Two immensely satisfying musical experiences in eight days: Jing Zhao playing Bach’s Cello Suites in Norwich, and the Wu Quartet playing Britten, Peteris Vasks and Schubert in Cratfield. Musicianship of the highest order links both concerts, but so do several other attributes. All the artists were young players not yet sucked onto the celebrity treadmill. Both venues were small sacred/spiritual spaces - the Swedenborgian Chapel in Norwich and St Mary’s Church, Cratfield - with intimate and involving acoustics. And both concerts were presented by non-professional promoters. By contrast mainstream classical music remains fixated on the virtuous circle of big agent, big artist, big venue, and big audience. All of which reminds me of the Sufi fable The Conference of the Birds. Here is the irreplaceable Bernard Levin’s précis of the fable from his book Conducted Tour:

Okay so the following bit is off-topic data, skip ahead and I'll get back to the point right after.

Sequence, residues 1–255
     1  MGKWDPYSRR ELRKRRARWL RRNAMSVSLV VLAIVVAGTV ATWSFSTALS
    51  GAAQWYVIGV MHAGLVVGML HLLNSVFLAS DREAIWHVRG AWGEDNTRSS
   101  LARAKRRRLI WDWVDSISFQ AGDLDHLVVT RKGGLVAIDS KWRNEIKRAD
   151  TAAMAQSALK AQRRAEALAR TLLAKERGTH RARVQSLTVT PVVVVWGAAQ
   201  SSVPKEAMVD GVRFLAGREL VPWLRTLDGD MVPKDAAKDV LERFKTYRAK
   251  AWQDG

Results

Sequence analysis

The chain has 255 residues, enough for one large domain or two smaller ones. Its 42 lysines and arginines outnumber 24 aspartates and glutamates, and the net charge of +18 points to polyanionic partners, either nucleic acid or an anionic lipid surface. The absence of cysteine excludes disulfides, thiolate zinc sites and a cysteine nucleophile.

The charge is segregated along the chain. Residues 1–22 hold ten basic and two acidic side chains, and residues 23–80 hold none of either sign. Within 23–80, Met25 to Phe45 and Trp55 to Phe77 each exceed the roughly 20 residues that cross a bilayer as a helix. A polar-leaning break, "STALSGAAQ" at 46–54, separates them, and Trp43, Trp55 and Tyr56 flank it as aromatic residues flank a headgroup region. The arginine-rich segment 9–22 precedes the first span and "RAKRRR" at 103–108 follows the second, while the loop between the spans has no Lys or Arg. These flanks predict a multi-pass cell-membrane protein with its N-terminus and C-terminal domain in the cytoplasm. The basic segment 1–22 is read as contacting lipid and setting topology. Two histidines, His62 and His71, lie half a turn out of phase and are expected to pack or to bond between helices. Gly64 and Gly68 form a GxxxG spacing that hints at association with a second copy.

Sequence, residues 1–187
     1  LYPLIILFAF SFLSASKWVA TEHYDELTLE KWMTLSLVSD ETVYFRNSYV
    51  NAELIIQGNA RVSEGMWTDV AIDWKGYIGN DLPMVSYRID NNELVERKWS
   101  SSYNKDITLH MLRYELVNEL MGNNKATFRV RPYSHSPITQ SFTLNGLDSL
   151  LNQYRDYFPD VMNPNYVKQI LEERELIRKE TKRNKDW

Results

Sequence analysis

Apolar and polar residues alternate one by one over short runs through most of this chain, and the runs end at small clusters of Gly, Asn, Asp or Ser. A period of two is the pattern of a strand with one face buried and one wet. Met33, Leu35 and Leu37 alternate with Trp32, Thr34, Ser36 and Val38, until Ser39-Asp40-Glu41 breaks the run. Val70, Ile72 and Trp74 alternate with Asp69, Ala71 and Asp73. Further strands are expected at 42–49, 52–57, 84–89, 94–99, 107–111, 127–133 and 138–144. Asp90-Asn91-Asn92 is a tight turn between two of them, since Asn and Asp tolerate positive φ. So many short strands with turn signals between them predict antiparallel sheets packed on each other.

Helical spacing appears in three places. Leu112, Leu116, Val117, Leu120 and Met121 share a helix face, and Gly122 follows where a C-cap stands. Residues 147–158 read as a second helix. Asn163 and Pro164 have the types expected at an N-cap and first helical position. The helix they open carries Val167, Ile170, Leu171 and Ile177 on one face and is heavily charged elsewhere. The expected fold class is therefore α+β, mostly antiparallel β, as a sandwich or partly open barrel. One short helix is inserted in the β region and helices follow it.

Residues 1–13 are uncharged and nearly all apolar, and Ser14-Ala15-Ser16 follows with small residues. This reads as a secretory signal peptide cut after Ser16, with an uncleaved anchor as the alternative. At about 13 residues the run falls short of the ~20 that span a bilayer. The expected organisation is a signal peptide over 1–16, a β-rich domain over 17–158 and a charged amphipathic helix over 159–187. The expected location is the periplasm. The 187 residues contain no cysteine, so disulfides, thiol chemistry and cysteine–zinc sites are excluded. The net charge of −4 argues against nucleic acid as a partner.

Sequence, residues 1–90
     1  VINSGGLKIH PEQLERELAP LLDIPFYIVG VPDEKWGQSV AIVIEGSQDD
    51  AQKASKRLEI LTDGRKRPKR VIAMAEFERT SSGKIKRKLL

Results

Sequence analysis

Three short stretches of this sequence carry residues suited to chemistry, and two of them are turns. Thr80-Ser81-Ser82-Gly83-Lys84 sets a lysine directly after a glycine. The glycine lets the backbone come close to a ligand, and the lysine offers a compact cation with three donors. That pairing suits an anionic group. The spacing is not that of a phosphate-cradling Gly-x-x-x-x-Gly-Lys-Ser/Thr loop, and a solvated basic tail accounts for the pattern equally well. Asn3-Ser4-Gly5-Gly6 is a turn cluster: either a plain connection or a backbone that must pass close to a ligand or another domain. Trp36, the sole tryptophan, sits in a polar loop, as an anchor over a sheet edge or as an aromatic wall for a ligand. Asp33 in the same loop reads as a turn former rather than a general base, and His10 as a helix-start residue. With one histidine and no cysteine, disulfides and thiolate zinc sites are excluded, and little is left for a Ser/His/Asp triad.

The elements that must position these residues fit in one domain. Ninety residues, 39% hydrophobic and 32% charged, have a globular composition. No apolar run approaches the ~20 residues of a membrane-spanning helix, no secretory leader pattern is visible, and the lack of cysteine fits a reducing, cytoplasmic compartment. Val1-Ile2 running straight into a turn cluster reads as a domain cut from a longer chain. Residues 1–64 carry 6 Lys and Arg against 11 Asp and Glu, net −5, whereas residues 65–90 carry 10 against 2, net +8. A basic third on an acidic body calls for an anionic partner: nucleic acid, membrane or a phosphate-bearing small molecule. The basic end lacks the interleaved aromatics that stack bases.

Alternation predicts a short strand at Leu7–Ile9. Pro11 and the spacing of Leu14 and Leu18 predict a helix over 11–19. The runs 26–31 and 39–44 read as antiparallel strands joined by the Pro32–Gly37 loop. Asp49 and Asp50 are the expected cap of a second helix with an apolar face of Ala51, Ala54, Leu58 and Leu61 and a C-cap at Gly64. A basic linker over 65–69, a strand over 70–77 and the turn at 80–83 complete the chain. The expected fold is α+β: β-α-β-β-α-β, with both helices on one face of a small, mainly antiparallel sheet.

The birds go to seek their mysterious king, the Simorg. Their journey is beset by terrible hardship, amid which some die, some desert, some turn back, some lose heart. When the survivors reach their goal, it is to learn the world’s most profound and vital truth. They are told that they have carried the Simorg with them all the time, and they realise that the treasures which we believe lies across cruel wastes, boundless oceans, towering mountains and dreadful valleys really lies within our own hearts.I must hasten to point out that the header image does not portray either of the concert venues! It was taken by me in 2007 in another intimate and involving performance space, the Chapelle St Alexis, Malaucène, France, and the murals are the work of Michael Bastow. Photo is (c) On An Overgrown Path 2012, any other copyrighted material on these pages is included as "fair use", for the purpose of study, review or critical analysis only, and will be removed at the request of copyright owner(s). Report broken links, missing images and errors to - overgrownpath at hotmail dot co dot uk Also on Facebook and Twitter.